10/14/21 Tools for Farm Stress #441

Farmers and ranchers learn early on how to troubleshoot almost any problem, but when feelings of stress or sadness become overwhelming, sometimes they cannot troubleshoot that problem. Sean Brotherson, NDSU Extension family life specialist, joins Sound Ad Advice to discuss the stress resources available to farmers.

Speaker 1: Kelli Anderson, NDSU Extension Ag Communication Specialist
Speaker 2: Sean Brotherson, NDSU Extension Family Life Specialist

Kelli: This is Sound Ag Advice, a weekly feature presented by NDSU Extension. I'm Kelli Anderson and I'm joined this week by Sean Brotherson, NDSU Extension family life specialist. Today we're going to be talking about farm stress. Now we know that farmers and ranchers learn early on how to troubleshoot almost any problem. But sometimes you just can't troubleshoot the weather or low commodity prices. And it's common for people from a rural background to want to rely on themselves to pull themselves up by their bootstraps, so to say, when times get tough. So Sean, what should farmers do, if the times are tough, and their feelings of sadness or stress become overwhelming?

Sean: The first thing they need to realize is that this is part of the human experience. And this is a really common thing. If you're feeling overwhelmed, discouraged, frustrated, depressed as a result of difficult conditions that are going on in agriculture, you need to realize that it's not a reflection on you, personally, you're not broken, there's not something wrong with you, you're not weak, you're not a failure. What we want to do is be resilient in the face of those kinds of stresses and think about what are the things that may be overwhelming me? What are signs that I'm experiencing difficulty? And what can I do about some of those things?

Kelli: You mentioned signs. So what are some of the signs of stress that people should be aware of, about how they're feeling?

Sean: Stress tends to affect us by piling up and putting pressure on us. So it's really difficult to function. And yet, it's during times of difficulty that we really need to function better. So it's like you have a piece of farm equipment that when you need it in the field during harvest or planting, you really want it to function well. Your health is what allows you have the ability to function well in times of stress. So you want to pay attention to physical signs. If you have a hard time getting going in the morning, you just feel a lot of fatigue. If you feel headache, strain, backache, things like that, these are things to pay attention to, if you're not getting very good sleep, mentally, you'll see it in the way you think. And if you have a hard time, looking at the positive side of things, or if you have a hard time concentrating or focusing or making decisions, if we keep sending negative messages to ourselves, like hey, you're a failure, you're a burden to everybody around you. Those are negative things that are a sign of depressive thinking.
We see it also in our emotions, in terms of just a feeling of hopelessness, a feeling of inability to get motivated and do the day, a sense of anxiety, just really low mood that is persistent, beyond what is normal for you. Those are all signs to pay attention to.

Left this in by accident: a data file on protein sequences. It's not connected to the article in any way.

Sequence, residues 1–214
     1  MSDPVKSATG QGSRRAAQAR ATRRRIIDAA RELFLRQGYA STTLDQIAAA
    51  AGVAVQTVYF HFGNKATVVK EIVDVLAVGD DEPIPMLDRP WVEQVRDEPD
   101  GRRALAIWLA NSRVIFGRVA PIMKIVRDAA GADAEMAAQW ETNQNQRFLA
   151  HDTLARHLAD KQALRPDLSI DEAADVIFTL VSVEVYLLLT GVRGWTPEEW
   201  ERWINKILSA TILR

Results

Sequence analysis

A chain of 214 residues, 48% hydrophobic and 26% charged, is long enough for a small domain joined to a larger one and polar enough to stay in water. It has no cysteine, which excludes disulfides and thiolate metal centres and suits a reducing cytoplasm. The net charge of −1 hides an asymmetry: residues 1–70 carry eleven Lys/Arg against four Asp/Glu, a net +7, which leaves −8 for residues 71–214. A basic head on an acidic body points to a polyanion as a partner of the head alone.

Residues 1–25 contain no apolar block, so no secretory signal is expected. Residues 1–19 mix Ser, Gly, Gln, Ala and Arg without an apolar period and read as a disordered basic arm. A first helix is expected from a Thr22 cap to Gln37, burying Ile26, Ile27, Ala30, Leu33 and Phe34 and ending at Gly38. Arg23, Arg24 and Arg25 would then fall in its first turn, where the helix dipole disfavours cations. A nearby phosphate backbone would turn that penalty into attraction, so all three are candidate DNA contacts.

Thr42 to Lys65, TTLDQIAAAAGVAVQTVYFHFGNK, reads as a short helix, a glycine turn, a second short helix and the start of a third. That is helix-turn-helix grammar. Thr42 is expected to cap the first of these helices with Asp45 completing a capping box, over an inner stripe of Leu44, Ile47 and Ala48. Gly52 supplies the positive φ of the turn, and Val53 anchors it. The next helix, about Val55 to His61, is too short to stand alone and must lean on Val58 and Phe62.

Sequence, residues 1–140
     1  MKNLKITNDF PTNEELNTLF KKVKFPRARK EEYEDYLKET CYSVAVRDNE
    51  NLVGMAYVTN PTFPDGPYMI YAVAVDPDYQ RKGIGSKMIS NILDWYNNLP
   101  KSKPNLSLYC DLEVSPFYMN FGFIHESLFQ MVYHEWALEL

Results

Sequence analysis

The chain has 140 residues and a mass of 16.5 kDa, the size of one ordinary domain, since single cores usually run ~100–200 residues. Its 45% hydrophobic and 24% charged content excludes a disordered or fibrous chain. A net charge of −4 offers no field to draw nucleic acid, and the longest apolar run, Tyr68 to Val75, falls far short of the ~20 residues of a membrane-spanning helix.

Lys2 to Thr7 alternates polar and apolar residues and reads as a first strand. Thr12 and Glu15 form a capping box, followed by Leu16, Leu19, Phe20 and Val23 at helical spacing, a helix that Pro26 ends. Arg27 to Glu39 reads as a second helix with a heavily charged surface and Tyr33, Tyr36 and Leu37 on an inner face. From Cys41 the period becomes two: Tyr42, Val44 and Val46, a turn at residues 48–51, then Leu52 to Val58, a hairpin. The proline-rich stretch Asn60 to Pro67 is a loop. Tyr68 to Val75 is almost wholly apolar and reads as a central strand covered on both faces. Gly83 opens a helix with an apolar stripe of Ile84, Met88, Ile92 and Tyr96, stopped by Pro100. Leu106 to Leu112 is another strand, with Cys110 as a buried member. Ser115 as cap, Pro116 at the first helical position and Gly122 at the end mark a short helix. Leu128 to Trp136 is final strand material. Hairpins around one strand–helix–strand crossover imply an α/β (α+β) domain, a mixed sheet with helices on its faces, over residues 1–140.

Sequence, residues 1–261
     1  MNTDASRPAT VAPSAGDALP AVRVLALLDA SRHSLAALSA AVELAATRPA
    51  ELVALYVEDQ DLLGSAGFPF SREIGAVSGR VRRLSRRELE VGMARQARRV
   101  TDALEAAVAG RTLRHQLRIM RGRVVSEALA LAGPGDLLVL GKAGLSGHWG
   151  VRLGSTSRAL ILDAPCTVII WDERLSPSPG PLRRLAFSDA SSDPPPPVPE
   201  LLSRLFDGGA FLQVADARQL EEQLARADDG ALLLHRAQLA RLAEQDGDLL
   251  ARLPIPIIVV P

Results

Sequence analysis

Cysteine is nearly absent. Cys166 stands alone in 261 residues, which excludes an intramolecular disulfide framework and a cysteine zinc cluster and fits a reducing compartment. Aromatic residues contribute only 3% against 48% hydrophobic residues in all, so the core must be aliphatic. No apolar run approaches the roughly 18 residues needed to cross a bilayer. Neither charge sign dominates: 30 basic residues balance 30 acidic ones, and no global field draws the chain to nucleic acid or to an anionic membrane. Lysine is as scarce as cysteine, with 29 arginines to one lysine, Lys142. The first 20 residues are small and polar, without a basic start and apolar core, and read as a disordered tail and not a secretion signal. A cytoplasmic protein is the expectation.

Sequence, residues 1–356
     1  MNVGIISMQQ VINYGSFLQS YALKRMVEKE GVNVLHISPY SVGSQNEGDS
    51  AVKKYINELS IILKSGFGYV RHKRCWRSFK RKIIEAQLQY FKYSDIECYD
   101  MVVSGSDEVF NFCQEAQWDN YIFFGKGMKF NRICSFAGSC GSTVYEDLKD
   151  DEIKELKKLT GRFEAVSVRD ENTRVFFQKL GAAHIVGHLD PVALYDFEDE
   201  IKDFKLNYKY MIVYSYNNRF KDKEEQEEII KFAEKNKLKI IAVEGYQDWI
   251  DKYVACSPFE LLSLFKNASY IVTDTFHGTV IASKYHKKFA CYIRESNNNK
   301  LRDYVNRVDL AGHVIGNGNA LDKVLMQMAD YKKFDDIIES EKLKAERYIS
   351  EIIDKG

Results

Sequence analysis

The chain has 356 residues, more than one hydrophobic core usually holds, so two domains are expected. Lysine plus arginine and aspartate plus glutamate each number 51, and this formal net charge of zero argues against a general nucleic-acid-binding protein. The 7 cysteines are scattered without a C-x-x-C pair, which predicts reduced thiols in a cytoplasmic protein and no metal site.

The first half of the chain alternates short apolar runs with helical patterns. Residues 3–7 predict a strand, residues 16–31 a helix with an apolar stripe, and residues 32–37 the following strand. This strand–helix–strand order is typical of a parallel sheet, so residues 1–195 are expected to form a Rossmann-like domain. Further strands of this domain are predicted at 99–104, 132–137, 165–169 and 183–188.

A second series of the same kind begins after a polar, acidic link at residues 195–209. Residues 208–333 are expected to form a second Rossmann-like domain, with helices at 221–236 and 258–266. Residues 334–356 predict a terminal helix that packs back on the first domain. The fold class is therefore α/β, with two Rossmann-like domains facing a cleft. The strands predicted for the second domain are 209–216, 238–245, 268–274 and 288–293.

Kelli: So where can farmers and ranchers go to access some support on these issues?

Sean: It's really important to understand that depression, for example, is a medical condition, just like diabetes is a medical condition and it's best handled with the support of health care professionals. The first thing to do is to make an appointment with your local health care professional. Like your typical primary caregiver or nurse practitioner. And these are individuals who are trained to deal with a wide range of health issues, not just physical health concerns, but mental and behavioral health as well. And they can help you assess the state of both your physical and mental well-being and then make some plans to take action, get support, and do some treatment that may be necessary.

There's a wide variety of organizations across the region that have really geared up to be available in this particular area. First Link incorporates the 211 helpline that you can call at any time. They do Crisis Counseling as well as referrals to a wide variety of services. And Lutheran Social Services has geared up thier counseling program, so you can have a conversation with someone about some of the stresses that you're feeling from your kitchen table or from the cab of your pickup truck because they do telehealth, right. So there's a lot of resources like that that are available.

The State Department of Human Services has regional human service centers that are very attentive to these issues. Each of them is available in regions across the state. So all of those are good resources, you can go to our NDSU Farm Stress web page, just search NDSU farm stress. All of those resources are listed and you can get easy access to them online.

Kelli: Our guest today has been Sean Brotherson NDSU Extension family life specialist, we thank him for his time and important information. This has been Sound Ag Advice, a weekly feature presented by NDSU Extension.

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